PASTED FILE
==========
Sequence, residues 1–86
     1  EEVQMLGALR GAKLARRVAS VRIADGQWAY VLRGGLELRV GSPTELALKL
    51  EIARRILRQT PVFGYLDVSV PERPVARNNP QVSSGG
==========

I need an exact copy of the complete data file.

Sequence, residues 1–86
     1  EEVQMLGALR GAKLARRVAS VRIADGQWAY VLRGGLELRV GSPTELALKL
    51  EIARRILRQT PVFGYLDVSV PERPVARNNP QVSSGG